The continuing evolution of the regulatory framework in which market players do business is a hallmark of modernity: as the intrusion of the state expands, the rules are constantly expanding and changing.
On the other hand, every investment requires a number of calculations 1, since business as a human activity in itself has uncertain and risky outcomes.
Knowing which rules apply at a specific time is not a sufficient condition for “rational” planning if these rules change later; in other words, a very reasonable action today could turn out to be quite unreasonable under the rules applicable tomorrow.
A change in the tax code, for example, could retroactively make a past investment less profitable today. How many tax reforms has the United States undergone in recent decades?
This article examines the “schizophrenia” of the modern legislator in the general context of the instability of the applicable rules and then recalls the reflections of the Italian libertarian scholar Bruno Leoni on the need for “long-term” legal certainty.
Bruno Leoni, the Athenians and “long-term” legal certainty
In multi-party systems, regulatory and legal agendas can change dramatically as power shifts from one party to the other.
In some cases, governments are subject to an “eraser” political culture, in which each new political administration or coalition seeks to “erase” the political agenda of the governing coalition that preceded it.
This can create a significant degree of uncertainty about what will follow in terms of legislation and regulation. This presents a significant difficulty for the entrepreneur.
An entrepreneur is future-oriented and, in order to be successful, investing is an action that requires precise economic calculation.
Legal certainty conceived of as “imminent” certainty – in which operators know the applicable rules now but only for now – is not sufficient to make an economic calculation.
The “contingent” guarantee that the rules will be framed in a certain way at a certain time, and that they will be applied, does not replace another important certainty necessary for the exercise of economic rationality, the certainty that these rules will not change time, because changing the rules will change the outcome of the economic calculation itself.
Bruno Leoni, the Italian libertarian scholar, noted this difference. In his book Freedom and law (Liberty Fund, 1991), he wrote a chapter entitled “Freedom and Certainty of the Law” (p. 76), in which he explored this question in relation to what freedom meant to the Athenians. Here are his words:
[T]The Greeks, and particularly the Athenians, were to realize fully in the second half of the fifth and fourth centuries BC the serious drawbacks of a legislative process by means of which all laws were certain (i.e. formulated precisely in a written formula), but no one was sure that a law, valid today, could last until tomorrow without being repealed or modified by a subsequent law. (p. 78)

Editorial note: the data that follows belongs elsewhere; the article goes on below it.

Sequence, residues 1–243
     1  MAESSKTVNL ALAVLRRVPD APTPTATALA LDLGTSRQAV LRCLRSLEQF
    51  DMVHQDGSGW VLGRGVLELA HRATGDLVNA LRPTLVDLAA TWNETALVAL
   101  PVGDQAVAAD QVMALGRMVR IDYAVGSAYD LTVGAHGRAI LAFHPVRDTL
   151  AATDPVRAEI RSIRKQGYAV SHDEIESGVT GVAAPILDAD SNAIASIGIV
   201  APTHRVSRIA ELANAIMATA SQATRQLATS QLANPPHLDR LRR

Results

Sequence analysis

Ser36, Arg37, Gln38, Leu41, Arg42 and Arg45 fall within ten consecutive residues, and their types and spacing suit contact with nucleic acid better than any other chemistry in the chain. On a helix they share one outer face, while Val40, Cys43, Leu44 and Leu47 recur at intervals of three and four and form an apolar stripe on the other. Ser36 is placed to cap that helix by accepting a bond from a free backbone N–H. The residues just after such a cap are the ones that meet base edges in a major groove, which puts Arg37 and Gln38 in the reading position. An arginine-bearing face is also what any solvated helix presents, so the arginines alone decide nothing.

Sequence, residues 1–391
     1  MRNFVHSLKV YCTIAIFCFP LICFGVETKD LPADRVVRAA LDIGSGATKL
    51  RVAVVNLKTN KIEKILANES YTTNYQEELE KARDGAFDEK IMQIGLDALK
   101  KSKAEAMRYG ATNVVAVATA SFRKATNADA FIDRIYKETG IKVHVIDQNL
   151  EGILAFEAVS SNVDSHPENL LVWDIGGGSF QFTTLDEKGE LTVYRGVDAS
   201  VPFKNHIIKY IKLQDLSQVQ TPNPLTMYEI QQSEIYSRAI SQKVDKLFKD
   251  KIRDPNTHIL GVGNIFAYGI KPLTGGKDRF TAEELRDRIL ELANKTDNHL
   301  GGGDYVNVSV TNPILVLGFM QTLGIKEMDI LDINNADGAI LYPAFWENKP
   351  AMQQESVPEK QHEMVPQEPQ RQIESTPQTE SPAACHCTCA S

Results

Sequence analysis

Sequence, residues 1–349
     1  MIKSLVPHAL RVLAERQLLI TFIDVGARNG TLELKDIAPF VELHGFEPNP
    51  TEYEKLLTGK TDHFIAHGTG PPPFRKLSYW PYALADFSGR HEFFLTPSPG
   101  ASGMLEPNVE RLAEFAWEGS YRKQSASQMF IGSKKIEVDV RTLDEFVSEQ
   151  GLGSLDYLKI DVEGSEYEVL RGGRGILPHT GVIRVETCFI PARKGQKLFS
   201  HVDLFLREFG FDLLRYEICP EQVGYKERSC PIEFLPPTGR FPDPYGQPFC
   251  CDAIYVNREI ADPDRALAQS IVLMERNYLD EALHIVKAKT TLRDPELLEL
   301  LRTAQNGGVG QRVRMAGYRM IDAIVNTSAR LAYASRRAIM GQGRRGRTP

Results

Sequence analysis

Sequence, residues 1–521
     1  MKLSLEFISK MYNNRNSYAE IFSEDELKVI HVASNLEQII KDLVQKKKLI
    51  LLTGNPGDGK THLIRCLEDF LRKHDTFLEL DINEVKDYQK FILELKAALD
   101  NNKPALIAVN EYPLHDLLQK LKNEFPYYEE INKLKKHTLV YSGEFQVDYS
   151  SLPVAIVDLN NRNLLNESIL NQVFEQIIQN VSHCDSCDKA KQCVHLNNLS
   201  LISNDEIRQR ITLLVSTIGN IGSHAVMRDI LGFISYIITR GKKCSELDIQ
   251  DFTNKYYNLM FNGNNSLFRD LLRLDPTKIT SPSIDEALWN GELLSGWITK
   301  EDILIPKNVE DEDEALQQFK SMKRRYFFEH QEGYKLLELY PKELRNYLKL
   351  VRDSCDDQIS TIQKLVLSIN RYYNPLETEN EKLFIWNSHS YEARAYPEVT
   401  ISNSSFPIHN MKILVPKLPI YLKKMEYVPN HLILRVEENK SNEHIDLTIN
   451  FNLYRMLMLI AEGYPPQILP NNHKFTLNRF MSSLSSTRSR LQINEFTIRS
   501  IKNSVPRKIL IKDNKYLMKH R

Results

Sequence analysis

The Athenians, however, tried to solve this problem. Leoni continues:
A rigid and complex procedure was then introduced in Athens in order to discipline legislative innovations. Every bill proposed by a citizen … has been carefully studied by a special committee of magistrates (nomotetai) whose task was precisely to defend the previous legislation against the new proposal…. Even when the bill was finally passed by the assembly, the promoter was held accountable for his proposal if another citizen, acting as a plaintiff against the promoter himself, could prove, after the approval of the law by the assembly, that the new legislation… was in irremediable contradiction with the old laws still in force in Athens. (pp. 78–79)
In other words, the Greeks have devised a system intended to guarantee “long-term” legal certainty – namely, the maintenance of the current rules applicable for a longer period alongside “short-term” legal certainty. – which allows “instant” security, knowing the applicable rules.
As Antonio Masala, senior fellow at the Bruno Leoni Institute, notes:
Leoni… observes that written, general and abstract laws are not necessarily capable of guaranteeing long-term legal certainty (a new law can always easily replace a previous law which was “certain” until the day before)…. What the Greeks had already understood, and which in the contemporary world seems underestimated, is that to be truly free from the interference of political power, it is necessary to be able to foresee the consequences of its actions in view of future laws. ; long-term certainty matters as much and even more than short-term certainty2.
Repeated changes in political platforms and party control can make it nearly impossible to engage prudently in long-term economic calculation.
In other words, economic calculation requires long-term legal certainty, because short-term legal certainty can only allow an entrepreneur to “navigate on sight”.
The Athenians saw the need for “long-term” stability as a problem; they did not repudiate the legal change, but they made it more difficult to introduce. After all, recognizing the problem is the first step to solving it.
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